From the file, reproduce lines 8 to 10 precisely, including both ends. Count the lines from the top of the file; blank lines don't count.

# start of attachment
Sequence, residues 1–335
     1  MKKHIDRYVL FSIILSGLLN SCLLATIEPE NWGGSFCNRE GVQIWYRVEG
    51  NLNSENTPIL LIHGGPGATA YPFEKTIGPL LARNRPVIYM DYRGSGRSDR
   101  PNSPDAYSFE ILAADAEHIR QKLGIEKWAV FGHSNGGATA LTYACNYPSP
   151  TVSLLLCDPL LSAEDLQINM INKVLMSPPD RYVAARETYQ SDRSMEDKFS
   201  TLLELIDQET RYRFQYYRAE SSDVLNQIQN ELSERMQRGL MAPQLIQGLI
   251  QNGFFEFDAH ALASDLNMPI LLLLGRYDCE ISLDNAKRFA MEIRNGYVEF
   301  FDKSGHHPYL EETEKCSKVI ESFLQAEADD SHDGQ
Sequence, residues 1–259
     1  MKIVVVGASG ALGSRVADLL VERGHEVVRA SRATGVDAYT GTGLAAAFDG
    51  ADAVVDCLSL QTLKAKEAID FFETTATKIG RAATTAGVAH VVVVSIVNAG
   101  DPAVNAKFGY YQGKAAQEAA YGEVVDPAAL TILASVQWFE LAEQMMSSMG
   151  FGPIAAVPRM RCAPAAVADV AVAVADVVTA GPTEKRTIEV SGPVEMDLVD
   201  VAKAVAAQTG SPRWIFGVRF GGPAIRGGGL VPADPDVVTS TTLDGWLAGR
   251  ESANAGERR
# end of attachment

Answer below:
   301  FDKSGHHPYL EETEKCSKVI ESFLQAEADD SHDGQ
Sequence, residues 1–259
     1  MKIVVVGASG ALGSRVADLL VERGHEVVRA SRATGVDAYT GTGLAAAFDG